Last Friday night, the Boston Symphony Orchestra (BSO), led by conductor Andris Nelsons, kicked off its new season at Symphony Hall with a program centered on the centennial of celebrated composer and Boston-area native Leonard Bernstein.
At most classical orchestral concerts, the orchestra and music stand alone in the spotlight. At this event, however, the BSO celebrated Bernstein’s life and music: his legacy winked at every turn in Symphony Hall.
During the pre-concert reception for all ticket holders, a gradient of purple and yellow light bathed the O’Block-Kay Room and projected whimsical floral designs on the ceiling. Although the BSO encourages the audience to don formal attire, there was a distinct range in formality, from a bun-topped young man clad in sweats and wearing sneakers to an older patron sporting a tuxedo and cummerbund, red rose pinned to his lapel. Concertgoers strolled through the hallways, clutching wineglasses and reading exhibits on Bernstein’s life and career that focused on his Boston and BSO roots.
A surprising layer to the evening’s entertainment were the dancers positioned on staircases and in the hallways, courtesy of ToUch Events and inspired by Bernstein’s musical “West Side Story” (1957). Reflecting “individual phrases” of music, the dancers’ movements gradually built in expression and scale through the post-concert dinner until dessert, when the male and female dancers joined in lifts, jumps and turns. Marissa Roberts, co-founder of ToUch Events, said that ToUch Events and the BSO’s artistic vision was to create “something classical yet modern, something that would stand out from the guests but also blend in.”
A little past 6 p.m., the all-Bernstein program commenced with a literal bang in the first movement of his Divertimento for Orchestra (1980) — an accented percussion hit followed by a rapid triplet explosion from the trumpet section. According to the program notes, the eight-movement suite (dedicated to the BSO almost four decades ago) is harmonically centered on the musical notes B and C, B for Boston and C for Centennial. The music doesn’t always take itself seriously; the bumbling Turkey Trot theme voiced by the clarinet has no pretensions of being high classical music. Still, the Divertimento has the advantage of highlighting every section of the orchestra, and in a group of the BSO’s caliber where there are virtually no weak links, the listening experience left little to desire.
Next, principal flutist Elizabeth Rowe filled Symphony Hall with the somber and contemplative “Halil” (1981) for flute and orchestra. “Halil” means “flute” in Hebrew, and was inspired by a 19-year-old Israeli flutist who was killed in the Yom Kippur War of 1973. The composer described it as “an ongoing conflict of nocturnal images” that manifests itself in the friction between the tonal and non-tonal, a musical conceit for the opposing forces that create violence in the real world. Rowe’s flute cadenza sounded appropriately disillusioned, although the piece ends on a hopeful note.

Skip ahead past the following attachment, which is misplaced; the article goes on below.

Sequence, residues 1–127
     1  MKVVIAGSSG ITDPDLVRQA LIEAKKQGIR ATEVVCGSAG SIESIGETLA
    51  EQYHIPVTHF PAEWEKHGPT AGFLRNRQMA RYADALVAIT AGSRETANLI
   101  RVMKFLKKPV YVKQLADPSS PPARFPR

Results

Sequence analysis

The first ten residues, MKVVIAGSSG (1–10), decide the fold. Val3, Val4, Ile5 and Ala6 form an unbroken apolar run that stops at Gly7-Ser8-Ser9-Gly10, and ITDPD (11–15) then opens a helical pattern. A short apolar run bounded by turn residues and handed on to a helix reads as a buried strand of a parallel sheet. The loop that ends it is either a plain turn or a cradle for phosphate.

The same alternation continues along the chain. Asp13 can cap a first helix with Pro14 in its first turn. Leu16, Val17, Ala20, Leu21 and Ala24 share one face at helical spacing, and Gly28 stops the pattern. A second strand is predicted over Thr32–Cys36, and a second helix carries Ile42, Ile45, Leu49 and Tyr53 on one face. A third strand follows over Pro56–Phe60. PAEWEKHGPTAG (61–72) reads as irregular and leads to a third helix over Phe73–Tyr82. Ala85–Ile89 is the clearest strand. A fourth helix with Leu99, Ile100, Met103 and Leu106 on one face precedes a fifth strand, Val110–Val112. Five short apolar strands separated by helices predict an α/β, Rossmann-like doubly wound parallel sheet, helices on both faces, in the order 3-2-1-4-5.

Soprano Julia Bullock and mezzo-soprano Frederica von Stade masterfully carried the program’s mix of classical and Broadway vocal selections by Bernstein with elegance and superb technical support. Bullock, making her BSO debut, shined especially singing “It Must Be So” from “Candide” (1956); her voice shimmered like the cool, luminescent surface of a body of water at night. Members of the Tanglewood Festival Chorus, wearing boas and playful hats, provided a comical backdrop for von Stade’s rich and robust rendition of “I am Easily Assimilated,” also from “Candide.”
The “Symphonic Dances from West Side Story” (1960), an orchestral medley of the musical’s most memorable songs, provided a satisfying culmination to the evening’s musical offerings. The score and choreography of the musical pay their respects to traditional forms while welcoming modern ideas, and the music’s lasting notoriety in American culture speaks to Bernstein’s success at not only executing but marrying classical, musical theater and jazz styles. Thus, beyond being an obvious crowd-pleaser, “West Side Story” is highly representative of Bernstein’s musical essence, making it an appropriate selection for the concert’s program closer.
The BSO’s final notes were met with a hearty standing ovation from the packed hall. As concertgoers filed down the hallway into the foyer, staff members handed out cards featuring photos of Bernstein on the front and facts about his music career on the back. A female dancer in a purple top and blue skirt rose to a relevé and looked wistfully into the distance, presumably searching for the Tony to her Maria.
The standard of musical and thematic execution exhibited by the BSO on Friday sets a high bar for the orchestra as they head into the 2017–2018 season. With old gems like Stravinsky’s “The Firebird” (1910) and Rachmaninoff’s “Symphony No. 2” (1908) on the docket alongside contemporary works and a world premiere, it is clear that the orchestra has enthusiastically embraced the versatile essence of Bernstein’s musical legacy.